Robinson has pulled this trick before. In the dying days of the EDL as a functional street movement, with the help of liberal counter extremist think tank Quilliam, he made a sudden and public break with the organisation he led. At a press conference at Quilliam’s London offices he and his deputy Kevin Carroll renounced violence and far right elements within the EDL, pledging to inform on his former friends in the EDL. Crucially, whilst renouncing violence, he stated he would carry on his campaign against ‘Islamist ideology’.
With the benefit of hindsight it is obvious that Quilliam’s deradicalisation efforts were a scam. Within two years of renouncing the EDL Robinson launched a UK branch of Pegida, an Islamophobic campaign group whose flagship policy was a halt to all Muslim immigration. When Pegida UK failed Robinson further pivoted, recasting himself as a citizen journalist and provocateur hosted by the far right Canadian YouTube channel Rebel Media. Throughout his reinventions Robinson hasn’t got any less dangerous, both in his rhetoric and in his actions. A chilling detail that emerged in the trail of the Finsbury Park Mosque murderer earlier in the year was the defendant’s repeated searches of Robinson’s tweets and articles the night before the attack and emails he received from Robinson’s website which included language that could have incited him to carry out the killing.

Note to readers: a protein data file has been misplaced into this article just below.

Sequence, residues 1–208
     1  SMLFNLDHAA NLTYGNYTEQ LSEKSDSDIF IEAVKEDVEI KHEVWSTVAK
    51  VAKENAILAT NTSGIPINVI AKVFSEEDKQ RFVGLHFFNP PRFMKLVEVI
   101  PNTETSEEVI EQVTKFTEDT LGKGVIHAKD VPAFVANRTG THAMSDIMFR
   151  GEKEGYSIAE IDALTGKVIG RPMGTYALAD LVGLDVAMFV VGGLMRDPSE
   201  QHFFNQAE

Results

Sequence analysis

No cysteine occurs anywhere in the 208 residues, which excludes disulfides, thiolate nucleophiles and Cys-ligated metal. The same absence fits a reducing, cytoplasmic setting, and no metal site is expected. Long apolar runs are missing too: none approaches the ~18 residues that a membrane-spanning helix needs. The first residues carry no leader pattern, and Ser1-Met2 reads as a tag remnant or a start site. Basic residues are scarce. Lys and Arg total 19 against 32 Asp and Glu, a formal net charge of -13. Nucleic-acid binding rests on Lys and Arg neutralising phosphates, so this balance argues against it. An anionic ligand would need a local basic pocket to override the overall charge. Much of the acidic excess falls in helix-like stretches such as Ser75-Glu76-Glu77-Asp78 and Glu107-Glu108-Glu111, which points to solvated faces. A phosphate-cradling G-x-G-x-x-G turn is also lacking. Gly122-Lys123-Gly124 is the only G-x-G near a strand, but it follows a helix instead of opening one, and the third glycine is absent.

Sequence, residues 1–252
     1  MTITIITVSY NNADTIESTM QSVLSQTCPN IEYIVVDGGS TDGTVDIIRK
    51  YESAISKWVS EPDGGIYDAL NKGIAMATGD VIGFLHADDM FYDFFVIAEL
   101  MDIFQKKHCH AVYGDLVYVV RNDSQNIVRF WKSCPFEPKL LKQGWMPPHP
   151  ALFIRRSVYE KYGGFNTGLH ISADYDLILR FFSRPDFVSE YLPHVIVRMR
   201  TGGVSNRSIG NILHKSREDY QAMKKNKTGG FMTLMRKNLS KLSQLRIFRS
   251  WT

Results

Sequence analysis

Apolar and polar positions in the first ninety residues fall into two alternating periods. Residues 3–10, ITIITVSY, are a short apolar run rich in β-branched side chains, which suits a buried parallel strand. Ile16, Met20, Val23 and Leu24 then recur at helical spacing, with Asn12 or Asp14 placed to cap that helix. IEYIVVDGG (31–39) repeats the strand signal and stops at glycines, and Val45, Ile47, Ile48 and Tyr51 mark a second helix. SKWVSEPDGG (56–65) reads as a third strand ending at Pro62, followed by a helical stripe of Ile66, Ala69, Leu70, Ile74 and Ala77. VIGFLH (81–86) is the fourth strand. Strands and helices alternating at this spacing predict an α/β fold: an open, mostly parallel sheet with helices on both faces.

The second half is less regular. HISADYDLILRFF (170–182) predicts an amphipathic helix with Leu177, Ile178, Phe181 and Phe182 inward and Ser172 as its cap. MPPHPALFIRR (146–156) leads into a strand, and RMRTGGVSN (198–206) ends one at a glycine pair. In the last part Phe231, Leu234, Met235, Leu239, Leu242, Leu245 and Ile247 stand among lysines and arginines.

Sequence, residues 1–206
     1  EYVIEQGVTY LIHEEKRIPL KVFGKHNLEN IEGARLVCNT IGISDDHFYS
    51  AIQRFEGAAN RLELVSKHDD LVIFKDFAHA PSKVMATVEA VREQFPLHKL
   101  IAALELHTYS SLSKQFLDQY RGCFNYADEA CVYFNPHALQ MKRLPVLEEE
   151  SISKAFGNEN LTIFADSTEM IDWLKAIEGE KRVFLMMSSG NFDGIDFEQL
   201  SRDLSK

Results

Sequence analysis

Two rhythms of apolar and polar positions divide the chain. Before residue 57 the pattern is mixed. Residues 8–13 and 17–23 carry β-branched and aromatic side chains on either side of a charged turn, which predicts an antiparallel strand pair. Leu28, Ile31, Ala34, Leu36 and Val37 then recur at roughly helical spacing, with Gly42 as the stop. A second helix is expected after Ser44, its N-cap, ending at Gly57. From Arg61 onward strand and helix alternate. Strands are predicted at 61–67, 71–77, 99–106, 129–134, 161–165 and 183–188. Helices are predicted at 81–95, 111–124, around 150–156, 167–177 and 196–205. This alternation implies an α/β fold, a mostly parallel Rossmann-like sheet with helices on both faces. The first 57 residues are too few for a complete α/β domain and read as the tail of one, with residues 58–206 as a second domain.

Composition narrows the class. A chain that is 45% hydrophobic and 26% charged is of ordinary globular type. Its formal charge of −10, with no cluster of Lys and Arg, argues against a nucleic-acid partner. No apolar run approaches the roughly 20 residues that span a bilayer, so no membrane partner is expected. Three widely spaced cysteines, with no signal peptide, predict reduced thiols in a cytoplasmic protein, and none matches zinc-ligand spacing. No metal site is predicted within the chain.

We can’t let Tommy Robinson rebrand himself for a second time. On the ninth of December anti-fascists from across the country, Leave and Remain voters, will march to say that Tommy Robinson doesn’t get to be the face of Brexit, that he is a hateful racist and misogynist who’s rhetoric is inspiring violence against Muslims and refugees. We need to fight Tommy Robinson and his cronies on all fronts. They want to use marches to build public support, threaten minorities and those who dare disagree with them; to build momentum behind further bids for power. We can’t let them. Our futures, our freedoms and our lives are at stake.
Assemble on December 9th. Portland Place 11am. Look out for the Feminist Anti-Fascists banner and join the bloc.
#232: Rue Britannia ● The legacy of the British Empire ● An interview with Priyamvada Gopal ● The People’s Olympics ● An interview with Neville Southall ● Agribusiness in India ● Deliveroo’s disastrous IPO ● Latest book reviews ● And much more!
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Ted Benton tackles questions of truth, science and radical alternatives in a period of political turmoil
Harry Holmes explores the relationship between environmentalism, the British press and a rising new-right
Utopianism isn’t a rose-tinted optimism: it’s ‘the realism of hope’ we now desperately need, argues Jack Kellam
There’s nothing radical – or funny – about right-wing comedy, says Jake Laverde
The women of a south Delhi neighbourhood have inspired a protest movement which will long outlive their temporary encampment, writes Ananya Wilson-Bhattacharya
To fully grasp the rise of the new authoritarians, we must engage with psychoanalysis as well as economics, writes Richard Seymour